For a long time, people in my field said, well, that’s because folic acid is synthetic. That might be a piece of the puzzle, but we know that natural folates can alter genetic methylation in a way similar to folic acid. It seems reasonable that ingesting relatively high amounts of exogenous nutrients involved in methylation could be problematic for some, especially over the long term. Research into this area is needed and will likely be forthcoming.
PPNF: Would you say that methylated B vitamins, such as methyl folate and methylcobalamin, are better for us than their non-methylated counterparts?
KF: Although folic acid is a synthetic, oxidized form of folate, most of us can activate it just fine and use it in the methylation cycle. Some individuals may not activate folic acid as well as others, but the majority of us do a pretty good job of it. However, we can get natural folates, such as methyl folate and folinic acid, pretty easily now, and I think they are more easily used by the body.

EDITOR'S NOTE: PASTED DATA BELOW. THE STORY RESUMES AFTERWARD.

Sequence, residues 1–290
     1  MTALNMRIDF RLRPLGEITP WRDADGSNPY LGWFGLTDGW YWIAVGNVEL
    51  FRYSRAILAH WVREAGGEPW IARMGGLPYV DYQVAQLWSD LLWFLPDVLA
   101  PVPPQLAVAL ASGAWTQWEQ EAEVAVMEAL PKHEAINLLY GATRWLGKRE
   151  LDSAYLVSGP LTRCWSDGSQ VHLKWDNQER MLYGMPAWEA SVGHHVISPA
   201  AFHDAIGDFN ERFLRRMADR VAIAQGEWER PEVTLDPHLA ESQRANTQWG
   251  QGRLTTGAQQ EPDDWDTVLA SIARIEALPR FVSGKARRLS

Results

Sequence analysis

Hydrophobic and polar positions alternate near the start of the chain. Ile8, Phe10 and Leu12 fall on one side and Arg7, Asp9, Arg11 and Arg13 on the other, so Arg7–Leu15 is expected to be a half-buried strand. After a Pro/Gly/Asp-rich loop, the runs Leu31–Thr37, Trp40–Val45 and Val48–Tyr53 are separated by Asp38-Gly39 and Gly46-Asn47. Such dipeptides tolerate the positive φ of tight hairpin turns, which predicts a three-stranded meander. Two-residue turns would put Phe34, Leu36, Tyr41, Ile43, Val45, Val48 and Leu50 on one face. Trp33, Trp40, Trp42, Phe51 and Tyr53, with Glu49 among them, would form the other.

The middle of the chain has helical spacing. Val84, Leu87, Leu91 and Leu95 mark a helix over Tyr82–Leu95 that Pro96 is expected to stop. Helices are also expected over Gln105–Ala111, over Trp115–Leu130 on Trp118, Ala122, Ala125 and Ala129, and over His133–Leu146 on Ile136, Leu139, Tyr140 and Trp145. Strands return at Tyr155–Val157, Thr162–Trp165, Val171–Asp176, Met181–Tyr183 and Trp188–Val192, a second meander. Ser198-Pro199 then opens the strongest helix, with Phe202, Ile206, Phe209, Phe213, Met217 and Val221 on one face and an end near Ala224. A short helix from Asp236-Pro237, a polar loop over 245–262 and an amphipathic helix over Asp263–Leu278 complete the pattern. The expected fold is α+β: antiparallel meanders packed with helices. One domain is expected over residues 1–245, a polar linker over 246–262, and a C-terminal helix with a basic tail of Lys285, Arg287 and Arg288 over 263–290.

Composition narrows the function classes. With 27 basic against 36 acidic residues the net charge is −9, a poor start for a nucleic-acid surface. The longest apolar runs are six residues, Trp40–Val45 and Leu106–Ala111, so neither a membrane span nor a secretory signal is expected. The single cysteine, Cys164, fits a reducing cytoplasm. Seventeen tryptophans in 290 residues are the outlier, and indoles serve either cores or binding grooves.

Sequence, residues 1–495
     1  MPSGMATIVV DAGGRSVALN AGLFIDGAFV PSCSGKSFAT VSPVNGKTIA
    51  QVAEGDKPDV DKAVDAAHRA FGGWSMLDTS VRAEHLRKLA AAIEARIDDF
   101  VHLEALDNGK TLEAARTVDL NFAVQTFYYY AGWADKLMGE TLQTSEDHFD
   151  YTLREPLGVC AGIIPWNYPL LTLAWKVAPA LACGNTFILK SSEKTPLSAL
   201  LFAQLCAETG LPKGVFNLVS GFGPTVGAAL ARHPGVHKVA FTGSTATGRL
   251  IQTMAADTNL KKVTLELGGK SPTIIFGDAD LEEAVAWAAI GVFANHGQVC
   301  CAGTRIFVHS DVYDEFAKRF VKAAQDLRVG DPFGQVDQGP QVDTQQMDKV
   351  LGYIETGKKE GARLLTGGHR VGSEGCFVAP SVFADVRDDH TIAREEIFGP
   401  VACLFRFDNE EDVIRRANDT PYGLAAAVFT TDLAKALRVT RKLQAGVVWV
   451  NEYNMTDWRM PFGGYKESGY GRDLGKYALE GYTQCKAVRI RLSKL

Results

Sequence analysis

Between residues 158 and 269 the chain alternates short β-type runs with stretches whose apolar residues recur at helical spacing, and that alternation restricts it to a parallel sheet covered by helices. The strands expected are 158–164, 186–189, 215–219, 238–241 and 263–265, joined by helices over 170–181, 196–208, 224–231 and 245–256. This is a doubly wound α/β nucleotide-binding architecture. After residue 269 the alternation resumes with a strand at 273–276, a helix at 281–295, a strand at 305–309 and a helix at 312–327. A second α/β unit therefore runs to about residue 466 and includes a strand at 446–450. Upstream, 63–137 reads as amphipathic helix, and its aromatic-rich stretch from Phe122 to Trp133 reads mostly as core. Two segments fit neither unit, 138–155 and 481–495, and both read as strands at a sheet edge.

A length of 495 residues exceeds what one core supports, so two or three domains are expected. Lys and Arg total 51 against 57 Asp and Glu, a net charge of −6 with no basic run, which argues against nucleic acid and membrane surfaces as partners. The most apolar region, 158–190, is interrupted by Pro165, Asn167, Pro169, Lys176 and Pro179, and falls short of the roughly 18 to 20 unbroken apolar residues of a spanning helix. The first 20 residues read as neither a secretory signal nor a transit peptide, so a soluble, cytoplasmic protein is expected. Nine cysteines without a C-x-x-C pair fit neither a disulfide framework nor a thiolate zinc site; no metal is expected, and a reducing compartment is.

There are some individuals with a relatively rare condition called cerebral folate deficiency who should not take folic acid. As the name implies, they don’t have enough folate in their central nervous system – and it does look like folic acid can hinder the transport of the natural folates into the central nervous system. For that population, folic acid would be toxic, but they’re a minority.
Arguably, the natural or bioidentical forms of these vitamins are probably a little better than the others. A recent study suggested that when you take methylcobalamin, your body has to break the methyl group off the cobalamin and then repackage it. So, methylcobalamin is probably not better than any other form of B12. It’s just a lot more expensive. As a clinician, I’m going to lean on the side of something that’s bioidentical to the form used in the body, especially if it’s readily accessible. However, I don’t think we necessarily have to avoid the other forms.
PPNF: Would you explain what a MTHFR polymorphism is and whether it necessitates the use of nutritional supplementation to boost methylation?
KF: MTHFR stands for methylenetetrahydrofolate reductase, an enzyme that converts folate into the active form (5-MTHF) that can be used to make SAMe. This enzyme also helps to keep homocysteine within normal levels. A single nucleotide polymorphism (SNP) or variation in the MTHFR gene may impair the functionality of the enzyme.